Cost of living in the US edged up in June, boosted by an increase in fuel prices and sustained gains in rents.
The inflation rate rose 0.2 percent for a second consecutive month, the Labor Department showed on Friday.
Increase in energy costs and waning dollar strength is helping companies charge their customers a bit more. This upward pressure and improving economy, supported by a healthy labor market would likely allow Fed resume rate hike discussion.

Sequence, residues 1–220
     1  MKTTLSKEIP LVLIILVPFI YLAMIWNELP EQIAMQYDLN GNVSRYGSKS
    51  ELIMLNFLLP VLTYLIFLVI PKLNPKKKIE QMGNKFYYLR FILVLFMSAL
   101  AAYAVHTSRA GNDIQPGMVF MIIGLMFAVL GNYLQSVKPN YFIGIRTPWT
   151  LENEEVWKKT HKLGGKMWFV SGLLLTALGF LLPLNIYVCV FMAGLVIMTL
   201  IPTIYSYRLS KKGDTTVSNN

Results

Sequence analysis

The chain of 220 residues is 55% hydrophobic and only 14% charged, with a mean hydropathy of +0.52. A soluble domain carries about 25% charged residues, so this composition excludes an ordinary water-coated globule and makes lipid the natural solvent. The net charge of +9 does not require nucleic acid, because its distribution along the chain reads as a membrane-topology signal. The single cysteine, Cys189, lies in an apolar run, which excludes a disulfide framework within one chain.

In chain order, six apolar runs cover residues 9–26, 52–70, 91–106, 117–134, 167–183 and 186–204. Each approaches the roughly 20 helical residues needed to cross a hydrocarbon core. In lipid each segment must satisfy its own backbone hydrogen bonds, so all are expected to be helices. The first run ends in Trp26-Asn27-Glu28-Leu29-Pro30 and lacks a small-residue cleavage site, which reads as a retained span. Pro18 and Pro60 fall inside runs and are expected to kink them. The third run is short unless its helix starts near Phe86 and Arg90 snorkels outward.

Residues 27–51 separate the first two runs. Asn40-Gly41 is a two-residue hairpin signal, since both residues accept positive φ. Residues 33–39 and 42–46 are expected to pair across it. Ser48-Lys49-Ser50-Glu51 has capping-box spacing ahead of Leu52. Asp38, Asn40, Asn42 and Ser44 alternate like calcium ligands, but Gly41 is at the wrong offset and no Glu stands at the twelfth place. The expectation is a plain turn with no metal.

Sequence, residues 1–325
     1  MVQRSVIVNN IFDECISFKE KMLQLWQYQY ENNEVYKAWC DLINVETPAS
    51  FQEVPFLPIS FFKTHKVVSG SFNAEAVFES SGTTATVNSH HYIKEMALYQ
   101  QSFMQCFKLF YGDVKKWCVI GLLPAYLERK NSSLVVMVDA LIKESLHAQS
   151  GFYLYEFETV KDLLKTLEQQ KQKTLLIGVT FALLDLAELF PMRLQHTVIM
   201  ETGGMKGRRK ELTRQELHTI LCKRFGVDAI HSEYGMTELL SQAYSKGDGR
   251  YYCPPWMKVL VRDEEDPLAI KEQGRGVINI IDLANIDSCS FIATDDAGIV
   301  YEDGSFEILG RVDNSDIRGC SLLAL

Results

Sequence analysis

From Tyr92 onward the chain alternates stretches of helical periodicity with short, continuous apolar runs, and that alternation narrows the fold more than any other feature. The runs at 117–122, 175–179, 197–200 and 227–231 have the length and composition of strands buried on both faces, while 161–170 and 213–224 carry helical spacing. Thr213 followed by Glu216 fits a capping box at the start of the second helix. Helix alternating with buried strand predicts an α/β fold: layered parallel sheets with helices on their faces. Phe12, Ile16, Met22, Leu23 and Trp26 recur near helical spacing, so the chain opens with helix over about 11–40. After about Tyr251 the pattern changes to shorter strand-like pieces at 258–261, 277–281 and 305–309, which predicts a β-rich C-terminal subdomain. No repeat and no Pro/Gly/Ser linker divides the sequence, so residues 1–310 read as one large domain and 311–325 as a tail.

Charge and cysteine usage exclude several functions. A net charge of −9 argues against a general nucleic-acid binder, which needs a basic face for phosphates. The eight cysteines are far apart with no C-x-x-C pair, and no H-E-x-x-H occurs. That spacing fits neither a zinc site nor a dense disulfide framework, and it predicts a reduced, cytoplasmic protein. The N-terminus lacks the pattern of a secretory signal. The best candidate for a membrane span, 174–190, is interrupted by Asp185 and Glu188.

“We’re starting to see upward pressure on the inflation numbers,” said Jim O’Sullivan, a chief U.S. economist at High Frequency Economics Ltd. “It reinforces the case for the Fed to resume tightening, though they’re highly risk averse right now.”
Year-on-year, cost of living rose 1 percent in June.
While core consumer prices excluding energy and volatile goods climbed 0.2 percent, year-on-year, core inflation rose from 2.2 percent to 2.3 percent. Making it the largest year-to-year advance since the current economic expansion began in 2009.
Energy costs rose 1.3 percent in June, while food prices plunged 0.1 percent.